That's high praise for a former Manitoba Bison from someone like Jones, who was part of two national championships at the University of North Carolina. When the United States played Canada earlier this summer in a friendly, there were six former Tar Heels on the American roster, not to mention one on the Canadian roster. In that same game, there were just two players on the Canadian roster who had played at Canadian colleges: Scott and Kaylyn Kyle. And Kyle, now a member of the NWSL's Seattle Reign, played only one season at the University of Saskatchewan before pursuing professional and national team opportunities in more familiar soccer settings.

Soccer pipeline leads south

Schools across the United States have emerged as the southern termini of talent pipelines from north of the border. Perhaps most famously, Christine Sinclair led the University of Portland to a pair of NCAA championships on her way to earning a place as one of the best players in the world. Just a season ago, Calgary's Ranee Premji slipped a goal past Winnipeg's Erin McNulty when North Carolina played Penn State in the College Cup final.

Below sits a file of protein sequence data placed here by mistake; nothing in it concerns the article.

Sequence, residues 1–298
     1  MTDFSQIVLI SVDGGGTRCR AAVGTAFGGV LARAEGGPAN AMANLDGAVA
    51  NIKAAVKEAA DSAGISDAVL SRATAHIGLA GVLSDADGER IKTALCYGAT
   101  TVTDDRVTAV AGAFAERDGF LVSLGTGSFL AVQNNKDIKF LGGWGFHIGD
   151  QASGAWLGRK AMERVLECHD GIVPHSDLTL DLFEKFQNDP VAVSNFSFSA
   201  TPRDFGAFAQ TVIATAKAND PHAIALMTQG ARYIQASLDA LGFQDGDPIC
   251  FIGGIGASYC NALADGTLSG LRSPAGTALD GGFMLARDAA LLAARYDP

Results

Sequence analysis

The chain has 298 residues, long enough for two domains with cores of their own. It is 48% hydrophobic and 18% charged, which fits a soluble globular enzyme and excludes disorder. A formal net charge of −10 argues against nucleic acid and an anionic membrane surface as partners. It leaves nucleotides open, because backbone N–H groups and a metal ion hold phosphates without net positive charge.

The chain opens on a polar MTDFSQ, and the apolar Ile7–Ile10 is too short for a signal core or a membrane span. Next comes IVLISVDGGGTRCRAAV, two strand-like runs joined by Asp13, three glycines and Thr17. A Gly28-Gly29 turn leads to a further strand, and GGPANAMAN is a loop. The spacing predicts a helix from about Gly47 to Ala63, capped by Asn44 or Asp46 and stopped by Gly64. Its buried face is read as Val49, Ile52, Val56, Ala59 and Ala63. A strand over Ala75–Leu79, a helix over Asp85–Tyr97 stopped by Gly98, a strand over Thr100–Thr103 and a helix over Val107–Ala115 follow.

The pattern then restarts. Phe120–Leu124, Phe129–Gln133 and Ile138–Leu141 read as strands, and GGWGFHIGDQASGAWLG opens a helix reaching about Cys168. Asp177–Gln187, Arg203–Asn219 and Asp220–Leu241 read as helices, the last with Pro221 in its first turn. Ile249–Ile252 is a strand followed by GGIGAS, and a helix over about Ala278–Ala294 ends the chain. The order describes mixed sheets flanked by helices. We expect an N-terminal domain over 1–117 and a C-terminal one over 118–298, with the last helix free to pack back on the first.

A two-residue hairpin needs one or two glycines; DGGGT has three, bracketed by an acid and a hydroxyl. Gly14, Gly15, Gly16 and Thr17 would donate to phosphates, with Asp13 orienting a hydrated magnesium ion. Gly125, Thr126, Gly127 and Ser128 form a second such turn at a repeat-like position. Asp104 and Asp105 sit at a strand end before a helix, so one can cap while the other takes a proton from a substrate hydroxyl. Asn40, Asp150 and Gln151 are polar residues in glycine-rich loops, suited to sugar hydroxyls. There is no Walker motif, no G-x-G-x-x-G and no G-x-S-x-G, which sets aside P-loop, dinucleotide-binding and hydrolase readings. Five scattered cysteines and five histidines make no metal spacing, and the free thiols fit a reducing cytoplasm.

To go anywhere in soccer, young Canadians generally start by going south for college.

University of Manitoba women's soccer coach Hadyn Sloane-Seale is a Winnipeg native who played and coached college soccer in the United States. He didn't coach Scott when she played at Manitoba but coached with her when she returned as an assistant the past two seasons.

"I think the Canadian system is to a great extent quite far behind the American system with regards to university or college athletics," Sloane-Seale said. "If I'm being honest, a kid like Des, she's pretty unique and special in her own way. She didn't have that great desire to want to go away from home. She always felt like she was more comfortable here. She's a bit of a different breed."

I'm happy that I can be an example that you don't have to go to the States to play on the national team. Is it an easy road? Absolutely not. But I do think it's a possibility.
Desiree Scott

Upper-echelon American college soccer programs such as Santa Clara and LSU recruited Scott, but she chose the familiarity of Winnipeg and a new soccer program under the umbrella of Canadian Interuniversity Sport, the governing body for four conferences that encompass 54 universities across the country (49 of which competed in women's soccer last season). Even with less scholarship money available compared with American schools, lower tuition costs at Canadian universities ($3,222 for a full-time undergraduate student at Manitoba in 2012-13) makes them viable financial alternatives. As the level of play improves, it could make as much sense for many Canadian players to attend school in the country as to go to a school with a lower- or middle-echelon soccer program in the United States.

For someone with aspirations to the national team or a top professional league, it remains very much the road less traveled.